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Supreme Court Delivers Crippling Blow to Permanent Bureaucracy’s Power Over Our Lives

DCNF(DCNF)—The Supreme Court handed small fishing companies a victory Friday in their lawsuits against the National Oceanic and Atmospheric Administration (NOAA), overturning a decades-old precedent that expanded the power of the administrative state.

Siding 6-3 with the fishermen, the Supreme Court reversed its 1984 landmark case, Chevron v. Natural Resources Defense Council, which lower courts relied on to uphold NOAA’s rule forcing companies to doll out $700 per day — around 20% of their revenue — t0 pay the salaries of federally mandated on-board observers. The principle of Chevron deference, rooted in the landmark case, instructed courts to defer to reasonable agency interpretations of statutes when the language is ambiguous.

“Chevron is overruled,” Chief Justice John Roberts wrote in the majority ruling. “Courts must exercise their independent judgment in deciding whether an agency has acted within its statutory authority, as the [Administrative Procedure Act] requires.”

Small fishing companies sued NOAA after the agency required businesses to pay for the on-board monitors based on its interpretation of the Magnuson-Stevens Act (MSA), the law governing fishery management. In both Loper Bright Enterprises v. Raimondo and Relentless, Inc. v. Department of Commerce, lower courts deferred to the agency’s interpretation of the law, citing the Chevron ruling.

Roberts called Chevron “a judicial invention that required judges to disregard their statutory duties.”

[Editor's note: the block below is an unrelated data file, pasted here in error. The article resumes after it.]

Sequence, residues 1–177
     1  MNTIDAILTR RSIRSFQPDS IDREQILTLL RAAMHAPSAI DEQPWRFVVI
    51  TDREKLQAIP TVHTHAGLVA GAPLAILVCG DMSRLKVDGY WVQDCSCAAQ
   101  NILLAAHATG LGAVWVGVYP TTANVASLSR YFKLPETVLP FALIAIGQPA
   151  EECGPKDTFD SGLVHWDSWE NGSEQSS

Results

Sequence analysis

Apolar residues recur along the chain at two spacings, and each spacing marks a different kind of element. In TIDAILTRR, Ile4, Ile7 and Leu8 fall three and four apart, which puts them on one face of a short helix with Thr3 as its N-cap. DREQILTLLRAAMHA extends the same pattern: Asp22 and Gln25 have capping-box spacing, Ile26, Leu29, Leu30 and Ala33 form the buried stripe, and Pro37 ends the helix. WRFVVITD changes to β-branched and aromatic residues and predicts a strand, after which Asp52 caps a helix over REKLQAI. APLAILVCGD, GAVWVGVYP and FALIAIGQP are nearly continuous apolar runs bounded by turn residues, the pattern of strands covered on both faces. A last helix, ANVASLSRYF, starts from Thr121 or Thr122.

“Perhaps most fundamentally, Chevron’s presumption is misguided because agencies have no special competence in resolving statutory ambiguities,” Roberts wrote. “Courts do.”

Critics of Chevron argued the doctrine, in practice, enabled agencies to assert their interpretations of the law without resistance from the judiciary, giving the government the automatic upper hand when challenged in court and raising significant separation-of-powers concerns.

New England Fishermen’s Stewardship Association (NEFSA) highlighted the burden NOAA’s rule placed on businesses in an amicus brief. The short training sea monitors receive does not equip them for the rough conditions on board, the association argued, creating safety concerns and forcing crews to shoulder the burden.

Justice Elena Kagan wrote in the dissent that the majority “disdains restraint, and grasps for power.”

“Its justification comes down, in the end, to this: Courts must have more say over regulation over the provision of health care, the protection of the environment, the safety of consumer products, the efficacy of transportation systems, and so on,” she wrote. “A longstanding precedent at the crux of administrative governance thus falls victim to a bald assertion of judicial authority.”

New Civil Liberties Alliance (NCLA) President Mark Chenoweth said that “the dismantling of the unlawful Administrative State has officially begun.”

“NCLA’s fishermen clients have landed the biggest catch of their lives by persuading the U.S. Supreme Court to take its thumb off the scale when ordinary Americans are contesting unlawful government regulations,” Chenoweth said in a statement. “When NCLA was founded less than seven years ago, taking down Chevron deference was priority number one, because agencies have used it so often to violate people’s civil liberties. That ability ends today!”

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